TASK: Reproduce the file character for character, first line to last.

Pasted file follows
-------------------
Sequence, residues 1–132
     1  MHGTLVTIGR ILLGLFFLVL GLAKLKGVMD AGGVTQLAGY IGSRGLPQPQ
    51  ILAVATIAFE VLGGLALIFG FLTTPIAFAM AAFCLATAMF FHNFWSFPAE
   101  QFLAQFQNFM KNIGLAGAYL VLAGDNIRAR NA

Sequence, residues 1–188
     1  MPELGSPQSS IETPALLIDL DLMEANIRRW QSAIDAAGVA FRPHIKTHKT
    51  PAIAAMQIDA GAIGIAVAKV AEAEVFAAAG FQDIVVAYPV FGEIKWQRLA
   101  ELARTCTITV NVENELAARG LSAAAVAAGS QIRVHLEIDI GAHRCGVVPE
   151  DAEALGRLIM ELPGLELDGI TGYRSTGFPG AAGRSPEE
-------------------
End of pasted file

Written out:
Sequence, residues 1–132
     1  MHGTLVTIGR ILLGLFFLVL GLAKLKGVMD AGGVTQLAGY IGSRGLPQPQ
    51  ILAVATIAFE VLGGLALIFG FLTTPIAFAM AAFCLATAMF FHNFWSFPAE
   101  QFLAQFQNFM KNIGLAGAYL VLAGDNIRAR NA

Sequence, residues 1–188
     1  MPELGSPQSS IETPALLIDL DLMEANIRRW QSAIDAAGVA FRPHIKTHKT
    51  PAIAAMQIDA GAIGIAVAKV AEAEVFAAAG FQDIVVAYPV FGEIKWQRLA
   101  ELARTCTITV NVENELAARG LSAAAVAAGS QIRVHLEIDI GAHRCGVVPE
   151  DAEALGRLIM ELPGLELDGI TGYRSTGFPG AAGRSPEE